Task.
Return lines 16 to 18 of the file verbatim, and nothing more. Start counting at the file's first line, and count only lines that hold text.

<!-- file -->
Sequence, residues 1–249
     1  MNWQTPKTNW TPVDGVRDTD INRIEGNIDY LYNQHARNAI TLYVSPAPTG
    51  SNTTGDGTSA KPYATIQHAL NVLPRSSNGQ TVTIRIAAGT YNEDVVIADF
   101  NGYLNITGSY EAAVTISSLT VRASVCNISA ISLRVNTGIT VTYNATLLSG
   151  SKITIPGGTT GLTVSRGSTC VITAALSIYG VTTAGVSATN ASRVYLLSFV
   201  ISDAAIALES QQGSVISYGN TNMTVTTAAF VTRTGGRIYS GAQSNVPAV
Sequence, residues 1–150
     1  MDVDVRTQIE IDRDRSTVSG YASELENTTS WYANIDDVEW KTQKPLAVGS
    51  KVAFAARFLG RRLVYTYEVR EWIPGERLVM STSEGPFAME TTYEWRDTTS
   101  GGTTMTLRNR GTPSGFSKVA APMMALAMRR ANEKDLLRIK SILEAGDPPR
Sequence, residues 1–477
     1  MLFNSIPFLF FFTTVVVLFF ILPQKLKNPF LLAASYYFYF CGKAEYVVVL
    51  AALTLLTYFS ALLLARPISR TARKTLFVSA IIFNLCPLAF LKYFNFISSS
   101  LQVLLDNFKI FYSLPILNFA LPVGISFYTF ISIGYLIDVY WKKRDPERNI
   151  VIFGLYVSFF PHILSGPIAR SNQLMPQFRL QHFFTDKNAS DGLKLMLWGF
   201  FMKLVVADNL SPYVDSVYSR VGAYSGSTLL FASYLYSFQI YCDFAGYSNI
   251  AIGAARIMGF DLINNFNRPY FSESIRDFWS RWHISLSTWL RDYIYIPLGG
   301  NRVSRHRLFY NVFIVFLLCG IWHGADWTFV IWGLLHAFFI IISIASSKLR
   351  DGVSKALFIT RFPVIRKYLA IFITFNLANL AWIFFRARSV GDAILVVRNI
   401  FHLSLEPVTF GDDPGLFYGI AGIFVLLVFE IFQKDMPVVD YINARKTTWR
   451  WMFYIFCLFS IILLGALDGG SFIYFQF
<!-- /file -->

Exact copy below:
   201  FMKLVVADNL SPYVDSVYSR VGAYSGSTLL FASYLYSFQI YCDFAGYSNI
   251  AIGAARIMGF DLINNFNRPY FSESIRDFWS RWHISLSTWL RDYIYIPLGG
   301  NRVSRHRLFY NVFIVFLLCG IWHGADWTFV IWGLLHAFFI IISIASSKLR